Kfar Maccabiah, October 2014
Searching for meaningful Succot material, I came
across an elaborate Chassidic story. I found the opening
paragraphs instructive and edifying, and I was moved by
them, so here they are:
"A very, very poor chassid (pupil, follower) of the
Karlin Rabbi dwelt in a tiny and rundown house in a small
shtetl. This chassid was known to everyone in town for his
complete happiness despite his poverty, and his happiness
Every year on the eve of Succot, this humble chassid,
much too poor to buy materials from which to construct a
succah, waited for everyone to finish
constructing their 'huts'. Then he would walk through the
little shtetl and ask people for any unused, spare or
rejected materials - rusty nails, broken wooden slats -
anything that he might use to build his own succah. So each
year, the poor Karliner chassid constructed and lived for 7
days with joy - real joy! - in his own succah, singing,
smiling and enjoying the company of all his loved ones."
Two aspects of this small and simple story are
definitely instructive. Today, an era where success is
measured by the size of accumulated capital, and happiness
is often related to money, this poor chassid testifies to us
that happiness does not depend on wealth. Also, in terms of
how we relate to everything that exists, the story teaches
much of how we assess the value of what surrounds us; so
often, we scorn things, especially, but not only in times of
In connection with this last point and in regard to
Succot (the Festival starting this Wednesday evening), this
chassid was able to build his succah "with what was left
over" by others - with things that had no value to others.
The chassid could see what most people no longer could. He
knew to build with what others rejected; he understood the
value of everything that exists; he interacted with the
world, humbly acknowledging the daily miracle of life, in
all its aspects.
By his simple actions, our chassid sends a tender,
happy and powerful message to us for this Succoth: it is
always possible to construct our temporary and permanent
"buildings" by appreciating all the gifts of life - even by
using the circumstances, opportunities, the "things"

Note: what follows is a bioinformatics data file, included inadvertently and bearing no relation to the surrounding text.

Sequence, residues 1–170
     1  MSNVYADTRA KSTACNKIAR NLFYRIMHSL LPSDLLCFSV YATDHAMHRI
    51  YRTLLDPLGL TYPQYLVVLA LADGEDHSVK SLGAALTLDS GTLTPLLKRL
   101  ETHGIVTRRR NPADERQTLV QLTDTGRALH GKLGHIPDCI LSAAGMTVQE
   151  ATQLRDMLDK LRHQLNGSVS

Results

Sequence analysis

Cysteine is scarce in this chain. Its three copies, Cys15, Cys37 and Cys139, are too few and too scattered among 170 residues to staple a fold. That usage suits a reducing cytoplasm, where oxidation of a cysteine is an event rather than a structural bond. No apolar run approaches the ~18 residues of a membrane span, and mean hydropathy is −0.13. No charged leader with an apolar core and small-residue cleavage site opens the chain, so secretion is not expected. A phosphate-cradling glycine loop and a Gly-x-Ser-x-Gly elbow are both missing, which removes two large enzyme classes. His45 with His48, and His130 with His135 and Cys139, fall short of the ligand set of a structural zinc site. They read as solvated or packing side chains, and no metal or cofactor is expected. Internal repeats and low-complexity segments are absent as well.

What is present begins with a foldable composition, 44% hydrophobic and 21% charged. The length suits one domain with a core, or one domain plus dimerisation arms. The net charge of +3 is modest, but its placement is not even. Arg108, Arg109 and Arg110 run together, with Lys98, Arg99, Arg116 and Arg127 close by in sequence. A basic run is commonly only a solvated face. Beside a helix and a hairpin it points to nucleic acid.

rejected by others. It is possible to perceive the value in
everything; we can restore our ability to appreciate
everything around us, everything we have, everything that
makes up our daily existence; at every moment, we have the
opportunity to transform the "building of our succah" into a
production that combines what others have to give, lifting
what others discard into a place devoted to family, friends,
and the warmth of those who are important to us. "The succah
of the spirit" is a fusion of all that others give us, a
succah which represents the value of all that exists, a
venue for reflection and appreciation of gratitude and joy,
transformed - like our humble chassid's succah - by songs
and happiness to a place of joy.
May God grant that our succah is erected in the
assessment of all the components of our lives, taking
nothing for granted, combining all the pieces everybody can
and wants us to give us to spread joy, dialogue, warm
the celebration of life itself.
May God grant that we celebrate the joy of
Succot in our action;
a joy to translate goals into achievements,
dreams into realities.
May God inspire us to realize that joy is a
capable of transforming the world, beginning with
our nearest and dearest, then spreading and multiplying the
joy of all our People.
And May God find us on this Succot
happier and more complete because richer in
joyously celebrating the countless opportunities of
our daily lives.
With best wishes,
Chag Succot Sameach!
RABBI CARLOS TAPIERO
Deputy Director-General &
Director of Education
Festivity of Succot, we are ordered to dwell in
booths - the very fragile succot - for seven days -
Vaikrah (Leviticus) XXIII, 42. Moreover, we are
supposed to consider the succah as our fixed
dwelling for those days - Babylonian Talmud, Succot